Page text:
Do investments make money?

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The simple answer is maybe. Investments may make you money (let’s be real, otherwise why would anyone bother?). But if we’re all about being real, they can also help you lose your money. In saying this, the Australian sharemarket delivered a strong annualised return of 11.8% 1 to investors since 1900 (please note past performance is not a reliable indicator of future performance).

A lot of investment portfolios are generally made up of two things: shares  (you may also hear shares referred to as equities) and bonds  (you may also hear bonds referred to as fixed income).

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No thanks, I just want to know if they make me money first. I'll continue reading. Fair. You are goal-orientated, we like that, here you go:

How investments may make you money

This will likely happen when the value of your investments goes up or increases in value, you may refer to this as ‘capital growth’. For example, a share’s market price won’t stay the same price forever – ideally, as the company grows and/or makes money it becomes more valuable overall. Then, because that total value gets spread across the company’s shares, the market price per share usually goes up.

For example, let’s say the market price of Company X’s share is $4 and you buy 10 shares of it (learn how to buy shares here). The value of your investment is 10 x $4 = $40. Let’s say Company X then performs well, and its shares are now selling for $5. That means the value of your investment is now $50 (10 x $5 – the amount of shares you own multiplied by the new value of that share). So, if you were to sell those shares you would have $10 more than you started with ($50-$40) and you would have earned $10 in net returns.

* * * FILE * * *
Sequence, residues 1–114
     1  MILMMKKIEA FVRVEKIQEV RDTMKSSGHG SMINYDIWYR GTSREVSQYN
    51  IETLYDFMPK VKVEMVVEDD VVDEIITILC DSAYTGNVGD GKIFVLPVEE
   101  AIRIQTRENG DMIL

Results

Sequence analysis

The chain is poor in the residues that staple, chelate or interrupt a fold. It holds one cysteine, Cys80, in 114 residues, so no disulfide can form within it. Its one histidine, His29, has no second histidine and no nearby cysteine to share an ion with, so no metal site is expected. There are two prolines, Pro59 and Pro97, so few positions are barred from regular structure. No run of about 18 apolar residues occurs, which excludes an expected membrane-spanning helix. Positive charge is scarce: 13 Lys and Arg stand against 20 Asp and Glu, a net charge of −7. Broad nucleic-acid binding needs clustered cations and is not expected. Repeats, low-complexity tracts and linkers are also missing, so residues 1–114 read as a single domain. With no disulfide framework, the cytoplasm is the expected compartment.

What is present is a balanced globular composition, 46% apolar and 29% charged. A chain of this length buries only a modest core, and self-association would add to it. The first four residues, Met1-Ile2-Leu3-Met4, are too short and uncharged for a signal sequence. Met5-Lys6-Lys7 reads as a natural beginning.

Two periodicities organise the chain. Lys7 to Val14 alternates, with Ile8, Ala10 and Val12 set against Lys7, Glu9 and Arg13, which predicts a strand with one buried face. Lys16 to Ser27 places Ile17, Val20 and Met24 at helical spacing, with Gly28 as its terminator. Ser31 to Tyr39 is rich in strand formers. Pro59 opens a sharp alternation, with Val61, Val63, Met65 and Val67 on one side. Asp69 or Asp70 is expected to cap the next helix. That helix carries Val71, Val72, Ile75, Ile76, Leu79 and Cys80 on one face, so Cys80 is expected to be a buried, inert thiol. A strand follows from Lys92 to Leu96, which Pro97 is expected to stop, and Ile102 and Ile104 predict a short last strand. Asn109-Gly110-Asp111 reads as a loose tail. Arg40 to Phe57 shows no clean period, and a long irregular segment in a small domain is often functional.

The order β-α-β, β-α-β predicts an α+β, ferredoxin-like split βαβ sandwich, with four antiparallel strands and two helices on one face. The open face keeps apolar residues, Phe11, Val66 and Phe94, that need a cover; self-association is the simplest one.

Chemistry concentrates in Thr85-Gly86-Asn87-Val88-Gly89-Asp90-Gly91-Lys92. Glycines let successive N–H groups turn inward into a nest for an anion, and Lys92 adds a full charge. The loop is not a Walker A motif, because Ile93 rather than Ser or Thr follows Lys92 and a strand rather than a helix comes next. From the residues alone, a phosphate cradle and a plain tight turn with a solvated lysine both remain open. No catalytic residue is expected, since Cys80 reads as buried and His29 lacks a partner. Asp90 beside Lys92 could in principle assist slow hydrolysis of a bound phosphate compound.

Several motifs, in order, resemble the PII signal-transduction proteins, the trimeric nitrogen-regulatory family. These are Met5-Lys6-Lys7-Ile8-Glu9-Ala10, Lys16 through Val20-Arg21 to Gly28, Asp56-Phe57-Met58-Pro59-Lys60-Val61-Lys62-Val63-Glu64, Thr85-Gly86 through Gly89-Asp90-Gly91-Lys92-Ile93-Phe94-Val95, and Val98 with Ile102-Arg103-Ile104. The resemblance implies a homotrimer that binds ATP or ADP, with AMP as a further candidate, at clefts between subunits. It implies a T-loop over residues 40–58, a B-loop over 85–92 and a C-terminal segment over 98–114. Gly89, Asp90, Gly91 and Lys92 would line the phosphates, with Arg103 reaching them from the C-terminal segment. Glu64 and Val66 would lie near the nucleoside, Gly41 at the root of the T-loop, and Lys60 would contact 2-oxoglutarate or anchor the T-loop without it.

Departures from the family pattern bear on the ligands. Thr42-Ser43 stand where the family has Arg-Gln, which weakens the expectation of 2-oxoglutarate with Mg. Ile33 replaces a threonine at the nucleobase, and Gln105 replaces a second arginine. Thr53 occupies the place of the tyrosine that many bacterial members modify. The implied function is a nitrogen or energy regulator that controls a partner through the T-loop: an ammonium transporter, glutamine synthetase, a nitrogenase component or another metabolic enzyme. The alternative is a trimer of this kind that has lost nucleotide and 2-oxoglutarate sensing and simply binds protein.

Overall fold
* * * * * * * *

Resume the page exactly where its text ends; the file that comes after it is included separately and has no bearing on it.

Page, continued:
You can also get paid because you own the investment

Depending on the type of investment, you may receive income in the form of payments. In the case of shares, these payments are not guaranteed. If the company makes a profit and the leadership team decide to share this with shareholders, they will distribute what’s known as a dividend. In the case of bonds and property the income return is often referred to as ‘yield’.

For example, if you buy a bond for $1000 that pays 3% interest for 10 years. Each year you’d be paid $30. And at the end of the 10 years you would get your $1000 back and have received a total of $300 in interest. So after the 10 years you would have received $300 in net returns plus your initial $1,000 back.

Should I invest in shares or bonds?

There’s no right or wrong answer here and it depends on your appetite for risk. Remember shares tend to be riskier (with a higher earning potential) than bonds. Note: not all bonds are made equal, learn more here. Most people like to diversify (and spread their risk) by holding a mix of investments in their portfolio.

There are also managed fund products available that are made up of a mix of investments, including cash, bonds, shares (Australian and international), property and infrastructure. These funds are often actively managed by investment specialists to achieve a goal for its investors.